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Oscar Wilde

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Lindsay Lu

on 4 August 2015

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Transcript of Oscar Wilde

Life
Born
1864
Enrolled at the Portora Royal School
1871
Entered
Trinity College
Enrolled at Magdalen College
1874
1878
Won Newdigate Prize
Recieved B.A.
1878
"Education is an admirable thing, but it is well to remember from time to time that nothing that is worth knowing can be taught."

-Oscar Wilde
Arrived in New York
January
Sailed to America
1884
Married Constance Lloyd,
had two sons: Cyril and Vyvyan
1882
Sailed to England
December
PROSE WRITING
1888
1891
1891
1891
1891
Met Lord Alfred Douglas, they had a romantic relationship.
1891
Wilde sued Marquees of Queensberry (Lord Alfred's father) for criminal libel after the Marquees called him a sodomite. 1895
Wilde was tried at Old Bailey Court--the Marquees counter sued saying Oscar corrupted his son into having an affair with him.
1895
Wilde was found guilty for being gay (a crime back then) and was sent to Reading Gaol
1895
October 16 1854
Wilde dies of Meningitis
November 30 1900
Life
In the 1850, London was developing its business, by building new industries, new docks along the
river Thames, new railways, streets and buildings but, at the same time, it was destroying the same
city. In fact, the new industries used to run with coal as combustible, and it upgraded the level of
pollution. The smog blackened the houses and the lungs of the people causing a lot of disease.
Social Classes
The Happy Prince and Other Stories
The working classes:
This class was composed by men and women who performed physical labor, paid daily or weekly
wages. These were the people who benefited most from the booming Victorian economy – their wages rose.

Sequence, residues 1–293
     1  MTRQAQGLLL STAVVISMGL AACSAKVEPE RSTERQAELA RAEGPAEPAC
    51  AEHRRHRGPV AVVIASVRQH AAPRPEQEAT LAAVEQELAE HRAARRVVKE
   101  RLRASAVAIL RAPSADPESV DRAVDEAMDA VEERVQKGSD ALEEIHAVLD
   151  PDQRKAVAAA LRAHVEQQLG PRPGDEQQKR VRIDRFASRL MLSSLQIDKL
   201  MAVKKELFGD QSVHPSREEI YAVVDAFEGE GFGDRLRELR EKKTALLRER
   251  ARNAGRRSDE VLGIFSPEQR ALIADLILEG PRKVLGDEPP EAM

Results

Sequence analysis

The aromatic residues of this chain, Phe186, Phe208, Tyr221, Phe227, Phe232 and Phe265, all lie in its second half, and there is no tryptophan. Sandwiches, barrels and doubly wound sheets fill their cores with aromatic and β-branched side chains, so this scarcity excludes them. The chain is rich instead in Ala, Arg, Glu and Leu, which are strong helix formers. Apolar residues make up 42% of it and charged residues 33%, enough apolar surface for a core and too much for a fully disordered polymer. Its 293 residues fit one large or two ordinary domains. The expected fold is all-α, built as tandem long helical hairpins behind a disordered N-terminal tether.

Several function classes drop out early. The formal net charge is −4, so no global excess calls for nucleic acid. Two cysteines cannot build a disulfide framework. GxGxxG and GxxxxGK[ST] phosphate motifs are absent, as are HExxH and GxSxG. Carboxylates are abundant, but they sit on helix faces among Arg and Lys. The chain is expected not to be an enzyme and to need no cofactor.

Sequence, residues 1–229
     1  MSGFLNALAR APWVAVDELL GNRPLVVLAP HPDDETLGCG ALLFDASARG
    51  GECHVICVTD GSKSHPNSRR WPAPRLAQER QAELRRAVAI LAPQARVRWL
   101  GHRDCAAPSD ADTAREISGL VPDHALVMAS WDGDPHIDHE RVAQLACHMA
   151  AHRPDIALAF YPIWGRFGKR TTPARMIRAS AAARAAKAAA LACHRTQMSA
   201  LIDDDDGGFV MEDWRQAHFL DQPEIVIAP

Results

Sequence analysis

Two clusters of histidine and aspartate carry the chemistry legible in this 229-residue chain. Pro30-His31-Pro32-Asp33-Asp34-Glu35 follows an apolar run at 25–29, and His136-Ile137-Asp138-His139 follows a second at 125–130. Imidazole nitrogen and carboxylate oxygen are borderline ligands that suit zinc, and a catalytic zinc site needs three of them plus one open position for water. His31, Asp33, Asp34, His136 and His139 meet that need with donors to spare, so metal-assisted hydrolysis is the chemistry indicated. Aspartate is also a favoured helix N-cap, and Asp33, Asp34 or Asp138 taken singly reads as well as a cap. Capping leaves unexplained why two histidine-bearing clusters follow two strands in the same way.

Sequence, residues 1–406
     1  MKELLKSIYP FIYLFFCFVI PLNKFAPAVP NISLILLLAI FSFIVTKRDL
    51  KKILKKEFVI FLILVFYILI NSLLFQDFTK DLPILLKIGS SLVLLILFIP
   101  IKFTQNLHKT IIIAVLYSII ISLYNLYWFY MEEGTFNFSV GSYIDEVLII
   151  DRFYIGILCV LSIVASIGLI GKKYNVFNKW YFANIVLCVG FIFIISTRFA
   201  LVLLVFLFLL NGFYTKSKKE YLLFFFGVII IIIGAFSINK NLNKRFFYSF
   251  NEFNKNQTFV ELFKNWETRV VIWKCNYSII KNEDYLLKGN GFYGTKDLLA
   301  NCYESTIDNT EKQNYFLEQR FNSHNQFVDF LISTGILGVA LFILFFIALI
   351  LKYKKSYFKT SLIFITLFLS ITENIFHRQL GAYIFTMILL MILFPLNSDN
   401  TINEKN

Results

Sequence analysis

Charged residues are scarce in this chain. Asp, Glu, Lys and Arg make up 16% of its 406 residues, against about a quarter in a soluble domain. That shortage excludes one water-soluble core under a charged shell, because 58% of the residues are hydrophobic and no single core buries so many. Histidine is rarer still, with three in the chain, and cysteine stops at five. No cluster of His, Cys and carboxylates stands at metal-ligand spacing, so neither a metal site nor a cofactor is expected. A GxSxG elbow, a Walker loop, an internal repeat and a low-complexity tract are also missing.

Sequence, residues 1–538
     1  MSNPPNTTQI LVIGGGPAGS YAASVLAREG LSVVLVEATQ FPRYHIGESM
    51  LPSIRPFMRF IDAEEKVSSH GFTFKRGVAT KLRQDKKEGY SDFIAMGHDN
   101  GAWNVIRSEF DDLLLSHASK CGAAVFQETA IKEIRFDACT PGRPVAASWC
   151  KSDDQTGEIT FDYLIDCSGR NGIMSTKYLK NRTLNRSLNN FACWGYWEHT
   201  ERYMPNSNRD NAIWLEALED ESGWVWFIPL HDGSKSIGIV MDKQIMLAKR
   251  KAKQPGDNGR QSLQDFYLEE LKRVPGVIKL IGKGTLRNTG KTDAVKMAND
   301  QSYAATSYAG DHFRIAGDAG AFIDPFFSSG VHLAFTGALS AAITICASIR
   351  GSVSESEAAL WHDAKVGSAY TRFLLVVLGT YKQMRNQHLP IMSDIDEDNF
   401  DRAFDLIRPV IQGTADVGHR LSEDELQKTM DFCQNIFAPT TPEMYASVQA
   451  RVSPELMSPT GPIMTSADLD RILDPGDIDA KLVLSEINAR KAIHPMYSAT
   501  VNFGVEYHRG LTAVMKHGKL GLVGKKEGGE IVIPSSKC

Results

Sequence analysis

The lowest class:
The 'lowest class' comprised about a quarter of urban populations. People were in deep poverty
and living in squalid, even deadly slum conditions.
Some of these people were unemployed, some were criminals, all lived a precarious existence
Wilde wrote
about
it after,
1898
"I have nothing to declare but my Genius" O.W.
Rich people did not have this problem. They used to solve it by taking holidays in the countryside, far away from the smog and the illness of industrial London, but the problem was unsolvable for poor people. They could not leave the city, because of their work, so they had to live in a city where the air was black, and as they had no money, they had to live in very small houses in cramped
streets, in the suburbs of the city. These homes would share toilet facilities and there were always smell of manure. Disease as cholera and typhoid was spread through contaminated water supply,causing a large amount of deaths.
The aristocracy: in the 19th-century the aristocracy had an amazing power and was reinforced by the new aristocrats who owed their success to commerce, industry, and the professions.
The aristocrats also head Britain's social life. On their country estates, they go hunting, shooting and fishing.
The middle class:
The middle class was a fairly small group of professionals, factory owners, businessmen, merchants and bankers. In those years it expanded very rapidly and split into two different groups:
• The upper middle class which was divided between professionals (doctors, lawyers) and
industrialists
• The lower middle class (professional managers). As government passed more and more laws,
civil servants – working in both central and local government – multiplied. London became a city full of clerks
Quiz 1
Full transcript